As the cease-fire becomes more fragile in eastern Ukraine, a team of volunteer body collectors travels to the small village of Savur Mohyla in the what pro-Russian separatists call the Donetsk Peoples Republic - to retrieve bodies of fallen Ukrainian servicemen from rebel-held territories. Adam Bailes traveled with the team and has this report.
Video

Video Xenophobic Violence Sweeps South Africa

South Africa, long a haven for African immigrants, has been experiencing the worst xenophobic violence in years, with at least five people killed and hundreds displaced in recent weeks. From Johannesburg, VOA’s Anita Powell brings us this report.
Video

Video Apollo 13, NASA's 'Successful Failure,' Remembered

The Apollo 13 mission in 1970 was supposed to be NASA's third manned trip to the moon, but it became much more. On the flight's 45th anniversary, astronauts and flight directors gathered at Chicago's Adler Planetarium to talk about how the aborted mission changed manned spaceflight and continues to influence space exploration today. VOA’s Kane Farabaugh reports.
Video

Video Badly Burned Ukrainian Boy Bravely Fights Back

A 9-year-old Ukrainian boy has returned to his native country after intensive treatment in the United States for life-threatening burns. Volodia Bubela, burned in a house fire almost a year ago, battled back at a Boston hospital, impressing doctors with his bravery. Faith Lapidus narrates this report from VOA's Tetiana Kharchenko.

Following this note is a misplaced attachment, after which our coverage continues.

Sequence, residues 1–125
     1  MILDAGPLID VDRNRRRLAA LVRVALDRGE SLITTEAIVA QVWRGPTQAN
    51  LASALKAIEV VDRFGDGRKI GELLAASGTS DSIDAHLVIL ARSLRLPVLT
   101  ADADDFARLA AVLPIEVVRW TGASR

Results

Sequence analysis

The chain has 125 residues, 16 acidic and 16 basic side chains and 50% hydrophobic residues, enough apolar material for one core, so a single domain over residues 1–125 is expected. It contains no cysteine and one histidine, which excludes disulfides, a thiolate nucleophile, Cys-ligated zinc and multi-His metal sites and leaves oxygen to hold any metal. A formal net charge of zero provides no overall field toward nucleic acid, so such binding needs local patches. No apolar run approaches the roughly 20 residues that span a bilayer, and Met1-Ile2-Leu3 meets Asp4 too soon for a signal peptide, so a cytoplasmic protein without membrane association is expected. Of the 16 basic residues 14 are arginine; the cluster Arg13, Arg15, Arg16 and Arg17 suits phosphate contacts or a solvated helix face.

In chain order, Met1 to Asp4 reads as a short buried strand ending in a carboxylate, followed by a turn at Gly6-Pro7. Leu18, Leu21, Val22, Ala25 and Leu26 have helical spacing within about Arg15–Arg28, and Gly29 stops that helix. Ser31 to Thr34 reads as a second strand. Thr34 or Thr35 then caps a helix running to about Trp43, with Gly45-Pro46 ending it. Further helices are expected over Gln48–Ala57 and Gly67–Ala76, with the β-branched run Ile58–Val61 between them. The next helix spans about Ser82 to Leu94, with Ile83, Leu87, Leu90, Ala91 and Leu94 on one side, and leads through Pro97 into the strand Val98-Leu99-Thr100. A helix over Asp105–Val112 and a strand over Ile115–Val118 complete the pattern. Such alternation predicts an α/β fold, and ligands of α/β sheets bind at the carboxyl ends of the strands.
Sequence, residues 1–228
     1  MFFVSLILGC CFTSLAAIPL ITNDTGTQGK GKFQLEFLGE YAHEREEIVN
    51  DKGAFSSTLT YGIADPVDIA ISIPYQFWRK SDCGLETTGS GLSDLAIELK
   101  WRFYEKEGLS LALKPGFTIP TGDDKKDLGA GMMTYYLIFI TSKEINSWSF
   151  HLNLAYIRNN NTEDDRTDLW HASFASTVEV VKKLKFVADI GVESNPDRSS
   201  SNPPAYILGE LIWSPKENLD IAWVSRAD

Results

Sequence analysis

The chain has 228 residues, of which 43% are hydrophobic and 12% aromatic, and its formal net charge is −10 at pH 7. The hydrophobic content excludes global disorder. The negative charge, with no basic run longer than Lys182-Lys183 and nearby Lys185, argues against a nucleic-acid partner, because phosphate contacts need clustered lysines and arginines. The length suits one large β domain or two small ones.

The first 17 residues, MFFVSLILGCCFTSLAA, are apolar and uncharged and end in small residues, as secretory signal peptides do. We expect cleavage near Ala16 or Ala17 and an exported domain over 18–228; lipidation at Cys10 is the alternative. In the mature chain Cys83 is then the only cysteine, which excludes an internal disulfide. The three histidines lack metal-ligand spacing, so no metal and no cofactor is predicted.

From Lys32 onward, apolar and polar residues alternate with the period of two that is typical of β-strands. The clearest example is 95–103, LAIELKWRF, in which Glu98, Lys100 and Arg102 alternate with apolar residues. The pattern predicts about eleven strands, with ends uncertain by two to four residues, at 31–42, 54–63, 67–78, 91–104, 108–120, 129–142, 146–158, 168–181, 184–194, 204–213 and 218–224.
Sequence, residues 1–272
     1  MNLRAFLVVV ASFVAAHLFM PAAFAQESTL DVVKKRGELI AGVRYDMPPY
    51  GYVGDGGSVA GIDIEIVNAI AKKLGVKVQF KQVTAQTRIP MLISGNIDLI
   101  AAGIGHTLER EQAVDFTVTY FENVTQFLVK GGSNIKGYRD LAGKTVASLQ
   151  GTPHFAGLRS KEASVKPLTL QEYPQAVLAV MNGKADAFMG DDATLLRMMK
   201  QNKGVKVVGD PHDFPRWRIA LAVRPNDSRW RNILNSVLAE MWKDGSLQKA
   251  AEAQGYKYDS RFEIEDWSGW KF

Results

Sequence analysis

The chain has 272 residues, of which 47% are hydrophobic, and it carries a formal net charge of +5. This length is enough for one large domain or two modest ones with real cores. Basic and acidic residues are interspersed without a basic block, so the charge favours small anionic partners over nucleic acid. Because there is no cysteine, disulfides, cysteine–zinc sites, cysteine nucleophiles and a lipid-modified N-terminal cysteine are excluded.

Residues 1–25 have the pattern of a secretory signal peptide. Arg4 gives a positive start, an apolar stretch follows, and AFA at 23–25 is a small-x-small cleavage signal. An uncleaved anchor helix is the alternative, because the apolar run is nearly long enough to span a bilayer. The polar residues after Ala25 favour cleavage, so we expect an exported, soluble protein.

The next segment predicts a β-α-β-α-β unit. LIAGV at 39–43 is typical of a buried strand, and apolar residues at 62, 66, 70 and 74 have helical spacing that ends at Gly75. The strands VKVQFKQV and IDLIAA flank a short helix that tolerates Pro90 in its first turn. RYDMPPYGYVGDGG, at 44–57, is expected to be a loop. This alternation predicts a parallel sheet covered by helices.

Video

Video US Maternity Leave Benefits Much Less Than Many Countries

It was almost 20 years ago that representatives of 189 countries met at a UN conference in Beijing and adopted a plan of action to achieve gender equality around the world. Now, two decades later, the University of California Los Angeles World Policy Analysis Center has issued a report examining what the Beijing Platform for Action has achieved. From Los Angeles, Elizabeth Lee has more.
Video

Video Endangered Hawaiian Birds Get Second Chance

Of the world's nearly 9,900 bird species, 13 percent are threatened with extinction, according to BirdLife International. Among them are two Hawaiian honeycreepers - tiny birds that live in the forest canopy, and, as the name implies, survive on nectar from tropical flowers. Scientists at the San Diego Zoo report they have managed to hatch half a dozen of their chicks in captivity, raising hopes that the birds will flutter back from the brink of extinction. VOA’s George Putic reports.
Video

Video Exhibit Brings Renaissance Master Out of the Shadows

The National Gallery of Art in Washington has raised the curtain on one of the most intriguing painters of the High Renaissance. Mostly ignored after his death in the early 1500s, Italian master Piero di Cosimo is now claiming his place alongside the best-known artists of the period. VOA’s Ardita Dunellari reports.

VOA Blogs